• In depicting Rip Van Winkle Jefferson reaches the perfection of the actor’s art; which is to delineate a distinctly individual character, through successive stages of growth, till the story of a life is completely told. If the student of acting would feelingly appreciate the fineness and force of the dramatic art that is displayed in this work let him, in either of the pivotal passages, consider the complexity and depth of the effect as contrasted with the simplicity of the means that are used to produce it. There is no trickery in the charm. The sense of beauty is satisfied, because the object that it apprehends is beautiful. The heart is deeply and surely touched, for the simple and sufficient reason that the character and experience revealed to it are lovely and pathetic. For Rip Van Winkle’s goodness exists as an oak exists, and is not dependent on principle, precept, or resolution. Howsoever he may drift he cannot drift away from human affection. Weakness was never punished with more sorrowful misfortune than his. Dear to us for what he is, he becomes dearer still for what he suffers, and (in the acting of Jefferson) for the manner in which he suffers it. That manner, arising out of complete identification with the part, informed by intuitive and liberal knowledge of human nature and guided by an unerring instinct of taste, is the crown of Jefferson’s art. It is unrestrained; it is graceful; it is free from effort; it is equal to every situation; and it shows, with the precision and delicacy of the finest miniature-painting, the gradual, natural changes of the character, as wrought by the pressure of experience. Its result is the perfect embodiment of a rare type of human nature and mystical experience, embellished by the appliances of romance and exalted by the atmosphere of poetry; and no person of imagination and sensibility can see it without being charmed by its humor, thrilled by its manifold suggestions of beauty, and made more and more sensible that life is utterly worthless, howsoever brilliantly its ambitions may happen to be rewarded, unless it is hallowed by love and soothed by kindness.

    There will be, as there have been, many Rip Van Winkles: there is but one Jefferson. For him it was reserved to idealize the entire subject; to elevate a prosaic type of good-natured indolence into an ideal emblem of poetical freedom; to construct and translate, in the world of fact, the Arcadian vagabond of the world of dreams. In the presence of his wonderful embodiment of this droll, gentle, drifting human creature—to whom trees and brooks and flowers are familiar companions, to whom spirits appear, and for whom the mysterious voices of the lonely midnight forest have a meaning and a charm—the observer feels that poetry is no longer restricted to canvas and marble and rapt reverie over the printed page, but walks forth crystallized in a human form, spangled with the freshness of the diamond dews of morning, mysterious with hints of woodland secrets, lovely with the simplicity and joy of rustic freedom, and fragrant with the incense of the pines.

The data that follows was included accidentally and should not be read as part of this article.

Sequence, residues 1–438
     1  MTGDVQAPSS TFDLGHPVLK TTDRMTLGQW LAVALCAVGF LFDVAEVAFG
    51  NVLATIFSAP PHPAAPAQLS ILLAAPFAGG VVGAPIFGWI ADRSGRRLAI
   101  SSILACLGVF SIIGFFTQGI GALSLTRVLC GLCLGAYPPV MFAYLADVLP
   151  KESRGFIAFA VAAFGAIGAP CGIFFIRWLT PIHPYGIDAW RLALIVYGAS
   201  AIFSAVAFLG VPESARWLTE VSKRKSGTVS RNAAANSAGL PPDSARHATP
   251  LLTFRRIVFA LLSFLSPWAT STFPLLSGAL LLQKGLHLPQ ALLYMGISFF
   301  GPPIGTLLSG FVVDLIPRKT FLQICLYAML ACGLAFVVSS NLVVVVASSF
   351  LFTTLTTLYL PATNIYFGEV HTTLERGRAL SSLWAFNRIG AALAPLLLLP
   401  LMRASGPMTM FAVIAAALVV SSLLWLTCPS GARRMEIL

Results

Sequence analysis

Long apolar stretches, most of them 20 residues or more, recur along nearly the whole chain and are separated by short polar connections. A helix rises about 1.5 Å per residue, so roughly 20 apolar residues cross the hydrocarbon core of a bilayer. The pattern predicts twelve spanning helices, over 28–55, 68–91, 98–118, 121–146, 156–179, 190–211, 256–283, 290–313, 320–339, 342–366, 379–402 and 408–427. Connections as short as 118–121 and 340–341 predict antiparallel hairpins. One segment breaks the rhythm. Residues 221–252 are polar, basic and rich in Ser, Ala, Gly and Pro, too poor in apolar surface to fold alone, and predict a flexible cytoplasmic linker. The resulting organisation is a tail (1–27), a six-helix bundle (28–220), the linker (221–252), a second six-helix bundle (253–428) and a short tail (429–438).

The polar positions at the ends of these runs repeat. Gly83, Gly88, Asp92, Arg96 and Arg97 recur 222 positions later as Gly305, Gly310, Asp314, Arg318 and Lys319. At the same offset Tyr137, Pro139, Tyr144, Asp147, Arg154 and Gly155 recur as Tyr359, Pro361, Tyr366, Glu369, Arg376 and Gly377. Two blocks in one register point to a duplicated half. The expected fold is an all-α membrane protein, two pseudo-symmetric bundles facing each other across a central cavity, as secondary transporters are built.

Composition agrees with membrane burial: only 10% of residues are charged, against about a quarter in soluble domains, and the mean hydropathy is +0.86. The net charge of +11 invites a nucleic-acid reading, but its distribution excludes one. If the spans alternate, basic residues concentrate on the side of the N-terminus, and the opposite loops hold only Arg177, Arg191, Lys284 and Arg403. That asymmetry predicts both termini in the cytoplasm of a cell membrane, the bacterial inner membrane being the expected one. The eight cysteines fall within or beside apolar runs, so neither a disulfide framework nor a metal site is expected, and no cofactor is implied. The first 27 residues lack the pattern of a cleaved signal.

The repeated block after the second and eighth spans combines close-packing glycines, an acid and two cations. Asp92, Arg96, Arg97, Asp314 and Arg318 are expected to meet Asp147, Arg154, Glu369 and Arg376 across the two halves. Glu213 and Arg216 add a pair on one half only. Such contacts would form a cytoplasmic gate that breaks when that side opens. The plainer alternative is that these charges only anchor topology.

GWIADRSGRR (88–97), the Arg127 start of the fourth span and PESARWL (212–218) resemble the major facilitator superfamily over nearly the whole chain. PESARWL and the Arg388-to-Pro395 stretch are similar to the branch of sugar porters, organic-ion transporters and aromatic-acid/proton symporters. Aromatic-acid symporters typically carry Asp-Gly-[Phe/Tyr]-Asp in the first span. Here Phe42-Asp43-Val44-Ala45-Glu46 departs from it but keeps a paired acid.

The world does not love Rip Van Winkle because he drinks schnapps, nor because he is unthrifty, nor because he banters his wife, nor because he neglects his duties as a parent. All these are faults, and he is loved in spite of them. Underneath all his defects the human nature of the man is as sound and bright as the finest gold; and it is out of this interior beauty that the charm of Jefferson’s personation arises. The conduct of Rip Van Winkle is the result of his character and not of his drams. At the sacrifice of some slight comicality here and there, the element of intoxication might be left out of his experience altogether, and he would still act in the same way and possess the same fascination. Jefferson’s Rip, of course, is meant, and not Irving’s. The latter was “a thirsty soul,” accustomed to frequent the tavern; and thirsty souls who often seek taverns neither go there to practise total abstinence nor come thence with poetical attributes of nature. No such idea of Rip Van Winkle can be derived from Irving’s sketch as is given in Jefferson’s acting. Irving seems to have written the sketch for the sake of the ghostly legend it embodies; but he made no attempt to elaborate the character of its hero or to present it as a poetic one. Jefferson has exalted the conception. In his embodiment the drink is merely an expedient, to plunge the hero into domestic strife and open the way for his ghostly adventure and his pathetic resuscitation. The machinery may be clumsy; but that does not invalidate either the beauty of the character or the supernatural thrill and mortal anguish of the experience. In these abides the soul of this great work, which while it captivates the heart also enthralls the imagination—taking us away from the region of the commonplace, away also from the region of the passions, lifting us above the storms of life, its sorrows, its losses, and its fret, till we rest at last on Nature’s bosom, children once more, and once more happy.